The Cayuga County Legislature Ways and Means Committee held a pair of spirited meetings last week regarding the proposed 2015 county budget. Much of the discussion centered around spending cuts, and specifically how expense reductions would translate into jobs eliminated. The county is facing tough financial times, and in order to balance the budget and set operations on a more stable path, some tough choices must be made.

With that in mind, county officials should be doing all they can to share information about the budget with the public. What we’ve seen so far, however, has been minimal at best.

For starters, the county needs to get its proposed budget documents posted to the official Cayuga County government website, and it should be placed there in a prominent way.

As of Friday afternoon, we could find nothing at www.cayugacounty.us on the 2015 budget proposal.

For a model on how to share information during a municipal budget process, the county can look a couple of blocks away to Auburn’s city hall. Last spring and summer, the city created a robust budget package on its website that gave residents access to loads of useful information.

That effort is one of the reasons the city’s website graded near the top of a list of municipal sites evaluated recently by government watchdog group Empire Center for New York State Policy. The county’s site was in the large group that received a failing grade.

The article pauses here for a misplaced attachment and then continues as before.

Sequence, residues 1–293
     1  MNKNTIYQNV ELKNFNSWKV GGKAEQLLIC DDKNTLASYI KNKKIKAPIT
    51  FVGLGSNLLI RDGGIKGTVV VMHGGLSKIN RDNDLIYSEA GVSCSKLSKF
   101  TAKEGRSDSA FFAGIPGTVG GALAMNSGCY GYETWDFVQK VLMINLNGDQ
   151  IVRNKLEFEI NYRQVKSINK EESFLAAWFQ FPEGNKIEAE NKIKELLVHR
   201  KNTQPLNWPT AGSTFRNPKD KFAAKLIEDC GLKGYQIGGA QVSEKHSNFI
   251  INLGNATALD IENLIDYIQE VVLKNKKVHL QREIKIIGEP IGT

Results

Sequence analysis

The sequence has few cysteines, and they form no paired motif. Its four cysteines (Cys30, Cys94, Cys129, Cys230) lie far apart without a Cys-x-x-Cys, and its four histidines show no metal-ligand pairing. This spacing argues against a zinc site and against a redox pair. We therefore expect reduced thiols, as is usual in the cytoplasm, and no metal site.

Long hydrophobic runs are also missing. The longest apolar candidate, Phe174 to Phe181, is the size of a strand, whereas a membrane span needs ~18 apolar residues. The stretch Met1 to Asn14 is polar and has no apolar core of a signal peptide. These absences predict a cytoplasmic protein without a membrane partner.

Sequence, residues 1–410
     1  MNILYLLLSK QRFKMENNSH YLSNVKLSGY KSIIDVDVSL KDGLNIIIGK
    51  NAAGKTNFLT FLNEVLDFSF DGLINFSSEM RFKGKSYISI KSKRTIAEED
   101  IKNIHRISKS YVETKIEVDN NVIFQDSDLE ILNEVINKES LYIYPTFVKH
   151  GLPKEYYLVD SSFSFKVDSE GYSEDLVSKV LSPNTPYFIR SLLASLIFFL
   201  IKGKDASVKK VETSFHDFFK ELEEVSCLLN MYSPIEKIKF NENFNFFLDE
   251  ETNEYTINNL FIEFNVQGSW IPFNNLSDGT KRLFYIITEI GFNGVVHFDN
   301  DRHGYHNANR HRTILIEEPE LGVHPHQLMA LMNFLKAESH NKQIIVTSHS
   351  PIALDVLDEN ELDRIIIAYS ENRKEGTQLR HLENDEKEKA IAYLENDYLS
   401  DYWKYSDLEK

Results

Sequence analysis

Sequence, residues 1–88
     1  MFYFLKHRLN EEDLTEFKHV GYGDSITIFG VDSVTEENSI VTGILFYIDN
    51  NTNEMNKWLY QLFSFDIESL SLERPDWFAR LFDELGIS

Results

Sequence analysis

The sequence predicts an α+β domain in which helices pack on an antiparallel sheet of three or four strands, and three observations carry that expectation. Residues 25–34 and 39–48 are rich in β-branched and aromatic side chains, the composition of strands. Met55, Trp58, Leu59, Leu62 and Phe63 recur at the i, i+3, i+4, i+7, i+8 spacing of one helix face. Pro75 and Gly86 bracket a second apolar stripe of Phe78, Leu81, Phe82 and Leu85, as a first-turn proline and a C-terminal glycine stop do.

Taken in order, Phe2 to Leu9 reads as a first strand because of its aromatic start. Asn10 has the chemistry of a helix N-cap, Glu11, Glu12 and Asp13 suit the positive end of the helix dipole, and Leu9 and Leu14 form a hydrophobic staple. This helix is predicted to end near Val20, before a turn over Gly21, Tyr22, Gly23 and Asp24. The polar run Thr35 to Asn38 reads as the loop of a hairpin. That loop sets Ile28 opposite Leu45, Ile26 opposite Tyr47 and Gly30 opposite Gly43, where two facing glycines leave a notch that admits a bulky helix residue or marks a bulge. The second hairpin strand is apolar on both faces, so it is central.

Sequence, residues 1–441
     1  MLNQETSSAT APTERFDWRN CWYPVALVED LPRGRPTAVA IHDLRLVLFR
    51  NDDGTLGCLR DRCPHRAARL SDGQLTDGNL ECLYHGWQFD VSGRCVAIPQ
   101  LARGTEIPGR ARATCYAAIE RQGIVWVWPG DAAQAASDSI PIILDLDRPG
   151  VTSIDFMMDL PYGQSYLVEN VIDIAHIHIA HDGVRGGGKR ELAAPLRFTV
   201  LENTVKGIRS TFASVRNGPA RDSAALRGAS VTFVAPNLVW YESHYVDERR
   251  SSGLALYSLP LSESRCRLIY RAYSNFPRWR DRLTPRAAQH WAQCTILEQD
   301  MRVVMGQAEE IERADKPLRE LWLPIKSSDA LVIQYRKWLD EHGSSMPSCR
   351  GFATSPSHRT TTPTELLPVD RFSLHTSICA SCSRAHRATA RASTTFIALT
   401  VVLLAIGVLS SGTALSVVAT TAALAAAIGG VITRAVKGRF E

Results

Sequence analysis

The point of those rankings wasn’t to chastise local governments for having bad sites, but to help raise awareness to the tremendous opportunity they now have with the proliferation of digital media.

In 2014, vital government information at all levels can be just a few keystrokes away, and that can translate into improved customer service and public awareness.

The 2015 budget process is a great opportunity for the Cayuga County government to improve its website and also engage the community it serves. We hope they take advantage of it as quickly as possible.

© 2014 Auburn Citizen

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The Empire Center is an independent, non-partisan, non-profit think tank located in Albany, New York. Our mission is to make New York a better place to live and work by promoting public policy reforms grounded in free-market principles, personal responsibility, and the ideals of effective and accountable government.